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2nd ovi in ohio

The penalties for a second OVI in Ohio increase with each conviction. If you were arrested after being convicted in the past, your punishment could be far more severe than it was the first time. First, get an Ohio DUI defense attorney as soon as possible to help fight your charges. Next, you’ll need to understand what to expect from a DUI second offense. Overview of Ohio DUI Laws: Before getting to the punishments for a second conviction of drunk driving, you need to know the basics. Instead of driving under the influence (DUI), Ohio uses the term Operating a Vehicle Impaired (OVI). There are two scenarios where you could be arrested for drunk driving in Ohio: Police officers stopped you and asked you to take a breathalyzer test, which measured a blood alcohol content (BAC) of .08% or more; or, Officers pulled you over and had a reasonable suspicion that you were impaired by alcohol. Note that two different standards measure your BAC. You’re considered to have a “low” amount of alcohol if a chemical test reveals a BAC of .08% to .17%. However, you may be arrested for high OVI if your BAC exceeds .17%. Increased Penalties for a Conviction: If you’re charged with drunk driving under the above circumstances and you have a prior conviction, you will be charged with an Ohio DUI second offense. Your sentence may include: At least 10 days in jail, though a judge could increase this term to up to six months in jail; Fines ranging from $525 up to $1,500; and, A driver’s license suspension for at least one year and up to four years. Keep in mind other consequences: If your BAC is above .17%, your mandatory jail sentence is at least 20 days. When the car you were driving is your own, the police will impound it; you cannot recover it without a court order. Though a judge may allow you limited driving privileges, you do not qualify for at least 45 days after your arrest. Contact an Ohio OVI/DUI Lawyer for Assistance in Fighting the Charges If you’ve been arrested for a 2nd OVI in Ohio, it’s critical to understand the punishment you could face. A conviction will hit your wallet, but there are also implications for your freedoms. For more information on your case and help fighting the charges, please contact Gounaris Abboud, LPA. We can answer your questions and provide more information after reviewing your case.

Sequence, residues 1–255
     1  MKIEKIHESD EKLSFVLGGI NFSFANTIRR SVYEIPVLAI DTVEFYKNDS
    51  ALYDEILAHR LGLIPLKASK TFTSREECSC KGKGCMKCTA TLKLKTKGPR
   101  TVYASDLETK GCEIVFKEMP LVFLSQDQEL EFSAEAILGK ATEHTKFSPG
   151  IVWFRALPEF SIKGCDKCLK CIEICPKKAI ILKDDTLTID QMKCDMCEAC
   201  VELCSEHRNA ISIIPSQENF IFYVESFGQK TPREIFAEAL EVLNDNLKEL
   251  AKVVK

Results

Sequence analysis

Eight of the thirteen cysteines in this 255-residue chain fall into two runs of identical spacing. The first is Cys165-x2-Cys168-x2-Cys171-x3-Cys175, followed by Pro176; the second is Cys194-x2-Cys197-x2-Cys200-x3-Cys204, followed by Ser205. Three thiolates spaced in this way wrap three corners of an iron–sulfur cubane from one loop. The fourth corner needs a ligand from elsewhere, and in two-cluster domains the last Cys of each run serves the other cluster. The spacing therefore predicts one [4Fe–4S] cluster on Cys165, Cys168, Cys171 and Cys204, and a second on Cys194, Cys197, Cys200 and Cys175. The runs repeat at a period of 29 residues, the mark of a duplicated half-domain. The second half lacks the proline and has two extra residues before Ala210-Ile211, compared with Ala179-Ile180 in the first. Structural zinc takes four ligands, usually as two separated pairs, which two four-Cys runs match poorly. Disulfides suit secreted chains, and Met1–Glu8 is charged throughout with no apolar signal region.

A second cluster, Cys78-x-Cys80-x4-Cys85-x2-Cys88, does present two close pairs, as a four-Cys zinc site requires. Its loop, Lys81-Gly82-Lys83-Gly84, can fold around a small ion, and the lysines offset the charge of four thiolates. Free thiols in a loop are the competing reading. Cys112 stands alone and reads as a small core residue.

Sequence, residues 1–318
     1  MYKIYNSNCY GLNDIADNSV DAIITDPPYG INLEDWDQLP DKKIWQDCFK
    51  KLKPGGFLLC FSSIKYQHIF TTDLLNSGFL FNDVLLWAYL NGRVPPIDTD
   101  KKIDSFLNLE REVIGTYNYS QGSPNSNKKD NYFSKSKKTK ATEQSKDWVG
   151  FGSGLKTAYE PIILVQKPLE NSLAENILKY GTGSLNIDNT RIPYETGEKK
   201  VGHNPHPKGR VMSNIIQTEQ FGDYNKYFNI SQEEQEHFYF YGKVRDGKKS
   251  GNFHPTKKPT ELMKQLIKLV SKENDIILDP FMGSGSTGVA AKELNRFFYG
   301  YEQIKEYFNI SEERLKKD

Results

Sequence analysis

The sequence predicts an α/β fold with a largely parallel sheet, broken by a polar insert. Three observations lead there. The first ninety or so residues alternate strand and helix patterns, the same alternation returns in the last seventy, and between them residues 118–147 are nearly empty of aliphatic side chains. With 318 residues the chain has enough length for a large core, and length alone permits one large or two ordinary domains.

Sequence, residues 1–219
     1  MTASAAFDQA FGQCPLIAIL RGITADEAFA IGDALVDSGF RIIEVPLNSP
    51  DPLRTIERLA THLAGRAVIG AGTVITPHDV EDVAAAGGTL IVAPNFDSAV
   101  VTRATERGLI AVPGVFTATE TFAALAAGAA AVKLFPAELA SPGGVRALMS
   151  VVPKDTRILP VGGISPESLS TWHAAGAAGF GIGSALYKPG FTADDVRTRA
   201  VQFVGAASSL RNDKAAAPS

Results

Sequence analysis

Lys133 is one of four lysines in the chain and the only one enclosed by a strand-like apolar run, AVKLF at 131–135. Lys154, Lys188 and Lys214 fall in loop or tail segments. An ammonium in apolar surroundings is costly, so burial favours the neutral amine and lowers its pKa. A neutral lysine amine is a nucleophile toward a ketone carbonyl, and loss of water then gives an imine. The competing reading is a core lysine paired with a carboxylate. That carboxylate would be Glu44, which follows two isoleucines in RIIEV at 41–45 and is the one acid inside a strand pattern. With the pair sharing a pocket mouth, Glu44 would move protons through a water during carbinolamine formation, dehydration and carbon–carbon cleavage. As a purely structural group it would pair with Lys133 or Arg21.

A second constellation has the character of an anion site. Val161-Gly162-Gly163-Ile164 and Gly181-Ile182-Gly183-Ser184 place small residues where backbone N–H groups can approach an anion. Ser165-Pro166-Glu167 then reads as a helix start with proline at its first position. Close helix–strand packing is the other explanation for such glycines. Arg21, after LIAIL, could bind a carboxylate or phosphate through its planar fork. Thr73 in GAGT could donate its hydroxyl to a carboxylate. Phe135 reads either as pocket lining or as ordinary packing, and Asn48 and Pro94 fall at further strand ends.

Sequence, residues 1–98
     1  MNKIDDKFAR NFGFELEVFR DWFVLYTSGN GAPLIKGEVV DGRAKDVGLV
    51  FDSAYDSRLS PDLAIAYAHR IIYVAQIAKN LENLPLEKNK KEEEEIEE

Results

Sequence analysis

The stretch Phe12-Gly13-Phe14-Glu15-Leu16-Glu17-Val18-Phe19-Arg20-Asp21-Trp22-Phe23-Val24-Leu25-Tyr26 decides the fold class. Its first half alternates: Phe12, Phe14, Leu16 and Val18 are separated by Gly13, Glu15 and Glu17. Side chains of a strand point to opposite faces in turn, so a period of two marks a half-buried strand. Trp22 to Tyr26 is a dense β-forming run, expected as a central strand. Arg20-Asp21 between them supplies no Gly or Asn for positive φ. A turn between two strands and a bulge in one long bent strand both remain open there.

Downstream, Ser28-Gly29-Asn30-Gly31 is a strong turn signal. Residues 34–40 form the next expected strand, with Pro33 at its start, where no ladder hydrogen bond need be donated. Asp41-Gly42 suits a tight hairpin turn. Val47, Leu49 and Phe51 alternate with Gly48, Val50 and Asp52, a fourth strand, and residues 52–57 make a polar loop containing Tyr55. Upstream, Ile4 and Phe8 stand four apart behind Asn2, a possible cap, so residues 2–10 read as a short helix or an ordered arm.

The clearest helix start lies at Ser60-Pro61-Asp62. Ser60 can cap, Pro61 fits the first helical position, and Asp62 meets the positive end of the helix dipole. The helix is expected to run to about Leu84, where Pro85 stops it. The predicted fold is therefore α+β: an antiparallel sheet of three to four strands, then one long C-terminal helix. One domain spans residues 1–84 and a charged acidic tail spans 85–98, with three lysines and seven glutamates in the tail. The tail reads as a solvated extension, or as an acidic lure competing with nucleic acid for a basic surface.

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ovi ohio first offense

Intoxicated driving is one of the most common criminal charges in Ohio. The Ohio State Highway Patrol reports that 19,008 people were arrested on OVI charges in the state in 2018 alone. No matter the specific circumstances, an OVI charge is always a serious matter. Even a first-time OVI conviction could result in a defendant facing severe penalties. Here, our Dayton defense lawyers give an overview of the Ohio OVI laws. We will also explain what to expect if you are facing a first-time intoxicated driving offense. OVI Ohio First Offense: What Am I Facing? Under Ohio law (Ohio Revised Code § 4511.19), it is unlawful to operate a motor vehicle under the influence of alcohol or drugs. Ohio has graduated penalties for OVI offenses. This means a defendant will face worse penalties with each intoxicated driving offense. Still, a first-time OVI is not a minor issue. Among other things, the penalties for a DUI in Ohio first offense may include: Up to $1,075 in fines and fees; Other financial penalties and increased insurance costs; At least three days in jail or a three-day Driver Intervention Program; Up to six months in prison; and A license suspension of up to three years. Administrative Penalties: Your License Will Be Automatically Suspended — Unless You Act If you get charged with a drunk driving offense in Ohio, your license will be suspended before you get a hearing on your case. You can take action to stop this. Contact an experienced OVI Ohio defense lawyer after your drunk driving arrest. You have 30 days to request a hearing to argue the automatic suspension. You May Face Additional Penalties if Other ‘Aggravating Factors’ are Present A history OVI offenses is not the only factor that impacts the criminal penalties in these cases. A defendant could be charged with a more severe OVI offense if: They were highly intoxicated — a BAC level above .17; The accident occurred resulted in significant property damage or an injury; There was a minor present within the vehicle; or Other traffic offenses, such as reckless driving, were committed at the same time. Speak to a DUI Defense Attorney in Dayton, Ohio At Gounaris Abboud, LPA, our Ohio drunk driving defense lawyers have more than 50 years of experience protecting the rights of our clients. If you or a family member was arrested for a first-time OVI offense, we can help. To arrange a free, no obligation analysis of your case, please contact our law firm right away. With offices in Dayton and Springboro, we serve clients throughout the region, including in Montgomery County, Warren County, and Butler County.

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difference between federal and state crimes